". . . A motion for a new trial based on the ground of newly discovered evidence may be made only before or within two years after final judgment, but if an appeal is pending the court may grant the motion only on remand of the case. A motion for a new trial based on any other grounds shall be made within 5 days after verdict or finding of guilty or within such further time as the court may fix during the 5-day period." (Emphasis added.)
"The court shall arrest judgment if the indictment or information does not charge an offense or if the court was without jurisdiction of the offense charged. The motion in arrest of judgment shall be made within 5 days after determination of guilt or within such further time as the court may fix during the 5-day period." (Emphasis added.)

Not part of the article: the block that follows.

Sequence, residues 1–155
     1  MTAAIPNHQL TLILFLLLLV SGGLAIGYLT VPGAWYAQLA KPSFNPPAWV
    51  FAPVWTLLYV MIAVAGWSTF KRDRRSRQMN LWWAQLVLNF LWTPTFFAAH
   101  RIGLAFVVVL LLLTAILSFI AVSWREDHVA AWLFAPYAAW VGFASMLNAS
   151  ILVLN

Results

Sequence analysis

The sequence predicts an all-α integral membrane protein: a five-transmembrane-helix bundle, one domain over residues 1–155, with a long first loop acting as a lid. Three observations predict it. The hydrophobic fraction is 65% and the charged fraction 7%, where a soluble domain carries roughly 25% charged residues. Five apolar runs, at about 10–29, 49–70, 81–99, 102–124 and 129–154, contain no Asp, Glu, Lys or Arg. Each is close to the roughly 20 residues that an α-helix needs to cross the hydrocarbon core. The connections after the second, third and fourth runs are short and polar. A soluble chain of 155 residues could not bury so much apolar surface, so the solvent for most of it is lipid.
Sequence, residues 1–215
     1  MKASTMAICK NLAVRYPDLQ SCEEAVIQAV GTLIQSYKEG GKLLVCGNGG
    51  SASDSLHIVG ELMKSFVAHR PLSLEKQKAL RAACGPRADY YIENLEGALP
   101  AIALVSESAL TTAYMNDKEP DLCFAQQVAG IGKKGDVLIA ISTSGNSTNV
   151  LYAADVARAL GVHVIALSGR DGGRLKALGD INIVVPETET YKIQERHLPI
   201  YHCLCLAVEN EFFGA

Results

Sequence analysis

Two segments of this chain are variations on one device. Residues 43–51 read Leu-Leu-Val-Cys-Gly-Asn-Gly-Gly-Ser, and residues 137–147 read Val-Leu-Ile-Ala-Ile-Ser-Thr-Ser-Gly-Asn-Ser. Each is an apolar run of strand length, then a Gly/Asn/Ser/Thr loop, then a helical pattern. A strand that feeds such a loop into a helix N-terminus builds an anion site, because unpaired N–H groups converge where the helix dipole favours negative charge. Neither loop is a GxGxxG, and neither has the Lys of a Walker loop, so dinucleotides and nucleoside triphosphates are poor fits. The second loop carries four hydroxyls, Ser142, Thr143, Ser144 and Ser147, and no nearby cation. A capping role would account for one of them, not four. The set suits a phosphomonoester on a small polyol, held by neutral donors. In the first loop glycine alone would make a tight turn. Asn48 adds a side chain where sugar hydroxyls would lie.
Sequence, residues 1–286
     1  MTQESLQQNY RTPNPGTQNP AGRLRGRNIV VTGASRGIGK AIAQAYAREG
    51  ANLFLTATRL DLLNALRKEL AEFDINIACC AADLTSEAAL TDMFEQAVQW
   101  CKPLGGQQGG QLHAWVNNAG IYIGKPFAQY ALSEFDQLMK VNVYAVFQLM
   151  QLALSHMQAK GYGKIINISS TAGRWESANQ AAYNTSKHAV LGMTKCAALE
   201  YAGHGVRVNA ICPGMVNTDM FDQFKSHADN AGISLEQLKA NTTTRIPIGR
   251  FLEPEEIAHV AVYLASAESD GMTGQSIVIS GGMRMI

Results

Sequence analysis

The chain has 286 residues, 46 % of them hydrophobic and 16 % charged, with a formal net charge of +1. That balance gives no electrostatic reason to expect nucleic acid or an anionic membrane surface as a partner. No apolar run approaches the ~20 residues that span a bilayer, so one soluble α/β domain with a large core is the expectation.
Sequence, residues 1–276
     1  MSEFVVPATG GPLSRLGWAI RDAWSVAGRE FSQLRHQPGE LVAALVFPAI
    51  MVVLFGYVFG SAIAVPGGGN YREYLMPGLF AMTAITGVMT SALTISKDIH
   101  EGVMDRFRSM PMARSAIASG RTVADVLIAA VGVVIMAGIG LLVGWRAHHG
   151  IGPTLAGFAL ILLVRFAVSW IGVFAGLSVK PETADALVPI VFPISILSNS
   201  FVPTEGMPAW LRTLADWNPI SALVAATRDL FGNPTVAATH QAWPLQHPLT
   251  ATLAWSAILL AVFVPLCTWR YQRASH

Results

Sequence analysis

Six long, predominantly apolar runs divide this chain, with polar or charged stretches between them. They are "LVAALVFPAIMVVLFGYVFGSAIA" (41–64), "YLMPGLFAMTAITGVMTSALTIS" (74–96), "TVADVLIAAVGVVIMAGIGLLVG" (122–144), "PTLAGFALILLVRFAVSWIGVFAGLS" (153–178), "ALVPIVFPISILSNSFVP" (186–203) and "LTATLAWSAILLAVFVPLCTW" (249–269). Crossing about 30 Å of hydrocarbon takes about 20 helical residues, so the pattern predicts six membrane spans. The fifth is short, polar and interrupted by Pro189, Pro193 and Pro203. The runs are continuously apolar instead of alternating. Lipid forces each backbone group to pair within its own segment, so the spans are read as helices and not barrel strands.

"The court may correct an illegal sentence at any time. The court may reduce a sentence within 60 days after the sentence is imposed, or within 60 days after receipt by the court of a mandate issued upon affirmance of the judgment or dismissal of the appeal, or within 60 days after receipt of an order of the Supreme Court denying an application for a writ of certiorari."